The alkylation unit involved in a massive fire on Friday that injured five workers at Philadelphia Energy Solutions Inc.’s oil refinery has been completely destroyed.
The destruction of the unit, coupled with damage from the fire that raced through the 335,000 barrel-per-day (bpd) refining complex, could force the 200,000 bpd Girard Point section of the two-section complex to remain shut for an extended period.
Major units in the Point Breeze section of the plant were also shut down due to unrelated repairs, sources said in a Reuters report.
Even when the Girard Point section restarts, it will run at reduced rates due to the loss of the alkylation unit, two sources told Reuters Sunday.
It could take several years for the company to rebuild the unit.
The refiner emerged from bankruptcy roughly a year ago and has embarked on a number of cash-saving measures in recent months. It will also have to contend with growing concern from the local community and public officials over whether it can safely operate amid its financial woes.
The fire, which began in a tank early Friday morning and involved several explosions that sent a huge fireball into the sky, engulfing the surrounding areas in smoke, was extinguished Saturday afternoon, the Philadelphia Fire Department said on Sunday.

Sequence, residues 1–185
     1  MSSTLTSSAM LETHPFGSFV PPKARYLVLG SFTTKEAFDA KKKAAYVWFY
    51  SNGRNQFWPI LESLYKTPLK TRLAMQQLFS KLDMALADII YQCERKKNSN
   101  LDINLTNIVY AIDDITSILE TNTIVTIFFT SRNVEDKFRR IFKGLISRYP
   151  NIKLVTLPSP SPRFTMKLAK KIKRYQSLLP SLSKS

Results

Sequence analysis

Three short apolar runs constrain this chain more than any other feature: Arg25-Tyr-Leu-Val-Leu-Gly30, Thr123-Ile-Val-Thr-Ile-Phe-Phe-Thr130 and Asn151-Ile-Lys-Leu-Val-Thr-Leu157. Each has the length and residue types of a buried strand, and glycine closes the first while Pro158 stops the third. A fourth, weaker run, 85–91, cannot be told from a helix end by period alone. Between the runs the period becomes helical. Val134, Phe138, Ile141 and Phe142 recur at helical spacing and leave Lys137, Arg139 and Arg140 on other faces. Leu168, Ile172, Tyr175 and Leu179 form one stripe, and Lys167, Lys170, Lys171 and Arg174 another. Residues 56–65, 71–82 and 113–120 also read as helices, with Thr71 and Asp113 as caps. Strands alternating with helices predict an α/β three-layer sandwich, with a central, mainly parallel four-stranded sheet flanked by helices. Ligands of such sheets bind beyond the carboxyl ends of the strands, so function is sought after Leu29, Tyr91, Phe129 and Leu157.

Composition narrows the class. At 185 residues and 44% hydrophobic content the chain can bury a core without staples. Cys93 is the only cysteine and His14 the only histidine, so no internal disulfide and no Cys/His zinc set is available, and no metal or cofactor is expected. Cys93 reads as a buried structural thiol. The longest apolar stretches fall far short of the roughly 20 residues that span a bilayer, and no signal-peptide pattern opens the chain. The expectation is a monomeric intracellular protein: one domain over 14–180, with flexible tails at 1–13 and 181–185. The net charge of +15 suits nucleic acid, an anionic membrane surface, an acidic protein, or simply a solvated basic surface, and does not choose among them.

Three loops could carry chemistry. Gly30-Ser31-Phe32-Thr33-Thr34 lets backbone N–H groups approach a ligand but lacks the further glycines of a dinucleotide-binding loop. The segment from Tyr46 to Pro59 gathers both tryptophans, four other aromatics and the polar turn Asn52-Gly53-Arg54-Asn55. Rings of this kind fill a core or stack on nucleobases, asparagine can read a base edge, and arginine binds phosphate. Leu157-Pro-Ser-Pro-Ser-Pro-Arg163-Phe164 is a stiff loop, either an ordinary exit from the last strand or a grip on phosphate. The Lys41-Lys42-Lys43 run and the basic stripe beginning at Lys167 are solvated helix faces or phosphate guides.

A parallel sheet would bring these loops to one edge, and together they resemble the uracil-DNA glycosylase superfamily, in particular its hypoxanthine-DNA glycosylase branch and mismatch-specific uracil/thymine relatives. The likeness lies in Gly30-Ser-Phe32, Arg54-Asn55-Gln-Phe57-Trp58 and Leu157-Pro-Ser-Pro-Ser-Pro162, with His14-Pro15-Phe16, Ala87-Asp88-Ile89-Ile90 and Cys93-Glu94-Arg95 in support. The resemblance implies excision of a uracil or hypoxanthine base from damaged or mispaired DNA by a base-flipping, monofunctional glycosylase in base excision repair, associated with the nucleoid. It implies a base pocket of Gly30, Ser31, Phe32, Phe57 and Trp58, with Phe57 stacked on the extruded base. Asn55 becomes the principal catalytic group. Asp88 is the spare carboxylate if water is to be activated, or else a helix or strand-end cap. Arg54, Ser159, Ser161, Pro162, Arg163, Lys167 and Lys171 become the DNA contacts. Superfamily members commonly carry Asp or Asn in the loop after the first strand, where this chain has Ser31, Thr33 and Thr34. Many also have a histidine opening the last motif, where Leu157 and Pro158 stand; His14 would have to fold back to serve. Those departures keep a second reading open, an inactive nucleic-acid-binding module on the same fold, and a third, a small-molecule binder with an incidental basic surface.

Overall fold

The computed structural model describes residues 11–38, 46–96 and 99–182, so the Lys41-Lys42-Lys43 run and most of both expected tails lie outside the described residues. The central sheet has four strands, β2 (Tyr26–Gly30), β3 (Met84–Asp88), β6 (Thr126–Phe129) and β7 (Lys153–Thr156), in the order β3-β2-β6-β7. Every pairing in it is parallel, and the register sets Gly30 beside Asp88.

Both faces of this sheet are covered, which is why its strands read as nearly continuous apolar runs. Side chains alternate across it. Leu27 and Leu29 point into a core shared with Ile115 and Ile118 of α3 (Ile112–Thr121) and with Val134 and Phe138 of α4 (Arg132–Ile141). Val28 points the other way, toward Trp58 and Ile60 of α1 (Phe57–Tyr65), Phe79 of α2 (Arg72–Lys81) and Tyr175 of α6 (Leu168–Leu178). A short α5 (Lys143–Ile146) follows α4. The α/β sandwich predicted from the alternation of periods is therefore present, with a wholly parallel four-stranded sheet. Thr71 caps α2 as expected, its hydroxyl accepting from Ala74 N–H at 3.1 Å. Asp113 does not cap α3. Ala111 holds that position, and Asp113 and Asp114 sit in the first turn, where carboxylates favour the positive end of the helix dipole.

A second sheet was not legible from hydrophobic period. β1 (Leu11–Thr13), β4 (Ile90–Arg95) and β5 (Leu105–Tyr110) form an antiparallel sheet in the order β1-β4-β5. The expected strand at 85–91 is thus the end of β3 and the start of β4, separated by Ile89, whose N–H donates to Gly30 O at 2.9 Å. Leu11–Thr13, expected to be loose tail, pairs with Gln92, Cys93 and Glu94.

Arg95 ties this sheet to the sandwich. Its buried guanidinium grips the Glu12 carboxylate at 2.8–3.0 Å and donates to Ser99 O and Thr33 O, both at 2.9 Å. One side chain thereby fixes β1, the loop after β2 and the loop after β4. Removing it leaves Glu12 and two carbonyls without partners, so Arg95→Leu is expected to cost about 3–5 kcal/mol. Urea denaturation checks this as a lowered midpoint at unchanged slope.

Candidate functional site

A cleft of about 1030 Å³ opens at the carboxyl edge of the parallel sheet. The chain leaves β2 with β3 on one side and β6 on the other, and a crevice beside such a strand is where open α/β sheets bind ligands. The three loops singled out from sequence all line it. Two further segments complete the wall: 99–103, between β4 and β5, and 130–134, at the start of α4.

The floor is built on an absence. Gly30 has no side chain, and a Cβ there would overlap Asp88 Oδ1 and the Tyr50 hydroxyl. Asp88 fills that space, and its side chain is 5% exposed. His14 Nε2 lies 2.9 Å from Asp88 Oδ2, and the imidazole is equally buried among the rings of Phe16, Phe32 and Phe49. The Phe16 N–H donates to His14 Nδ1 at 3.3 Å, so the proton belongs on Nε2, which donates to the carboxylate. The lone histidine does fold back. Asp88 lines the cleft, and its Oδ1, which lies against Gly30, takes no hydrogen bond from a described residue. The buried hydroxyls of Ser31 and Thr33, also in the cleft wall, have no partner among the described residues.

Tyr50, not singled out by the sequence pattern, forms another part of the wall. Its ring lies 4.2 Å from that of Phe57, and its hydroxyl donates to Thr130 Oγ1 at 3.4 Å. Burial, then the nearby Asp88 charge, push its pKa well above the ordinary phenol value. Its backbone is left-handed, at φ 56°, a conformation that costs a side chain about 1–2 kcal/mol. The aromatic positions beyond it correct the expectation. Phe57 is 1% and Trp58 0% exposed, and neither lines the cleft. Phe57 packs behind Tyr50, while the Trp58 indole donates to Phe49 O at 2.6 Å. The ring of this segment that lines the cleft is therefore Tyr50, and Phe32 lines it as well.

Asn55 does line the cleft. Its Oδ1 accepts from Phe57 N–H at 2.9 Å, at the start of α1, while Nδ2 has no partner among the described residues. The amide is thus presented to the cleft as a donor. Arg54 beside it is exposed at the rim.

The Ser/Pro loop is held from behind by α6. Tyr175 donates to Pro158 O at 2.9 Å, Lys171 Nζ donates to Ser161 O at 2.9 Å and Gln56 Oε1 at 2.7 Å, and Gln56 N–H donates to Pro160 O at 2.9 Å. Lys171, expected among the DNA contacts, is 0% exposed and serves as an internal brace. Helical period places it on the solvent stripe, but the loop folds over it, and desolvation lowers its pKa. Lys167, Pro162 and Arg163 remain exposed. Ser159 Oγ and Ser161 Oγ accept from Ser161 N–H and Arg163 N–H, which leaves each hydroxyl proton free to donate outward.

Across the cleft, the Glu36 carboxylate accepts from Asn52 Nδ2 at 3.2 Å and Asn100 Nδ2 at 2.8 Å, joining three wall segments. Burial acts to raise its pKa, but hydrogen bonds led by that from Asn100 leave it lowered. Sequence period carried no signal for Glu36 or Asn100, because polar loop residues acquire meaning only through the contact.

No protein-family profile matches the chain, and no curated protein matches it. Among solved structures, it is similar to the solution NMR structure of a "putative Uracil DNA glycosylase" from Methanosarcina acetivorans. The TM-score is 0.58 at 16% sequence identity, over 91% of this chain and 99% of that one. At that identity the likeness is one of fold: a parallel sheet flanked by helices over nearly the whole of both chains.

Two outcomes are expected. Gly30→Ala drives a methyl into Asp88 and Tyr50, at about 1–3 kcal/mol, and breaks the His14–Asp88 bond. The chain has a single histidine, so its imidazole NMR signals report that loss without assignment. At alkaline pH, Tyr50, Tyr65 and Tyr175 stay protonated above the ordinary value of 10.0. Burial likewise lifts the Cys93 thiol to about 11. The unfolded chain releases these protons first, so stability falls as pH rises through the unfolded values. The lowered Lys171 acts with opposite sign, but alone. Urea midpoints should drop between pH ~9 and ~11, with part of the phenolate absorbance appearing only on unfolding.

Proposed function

The gas valve that had been fueling the fire was shut off, and the tank involved in the blaze was isolated, the fire department said.
The department’s HazMat unit and Philadelphia’s department of public health are continuing to monitor the air quality around the refinery.
A source familiar with plant operations said one explosion occurred at the 30,000 bpd alkylation unit that uses hydrofluoric acid (HF), one of the deadliest chemicals in the refining business and a source of controversy for its use to make high-octane gasoline at refineries located in densely populated areas.
Hydrofluoric acid can form a toxic cloud at room temperature, with exposure leading to severe health problems and even death.
PES confirmed the fire at the alkylation unit has been extinguished and the company and a third party are monitoring the air quality inside the facility each hour.
Philadelphia Deputy Fire Commissioner Craig Murphy said the cause of the fire was unclear.
Federal officials including the Occupational Safety and Health Administration and the U.S. Chemical Safety and Hazard Investigation Board on Monday will begin an investigation into the cause and origin of the fire, according to the fire department statement.
Four workers were injured and treated on-site, according to a company statement, while city emergency workers treated one person, who did not need to go to a hospital.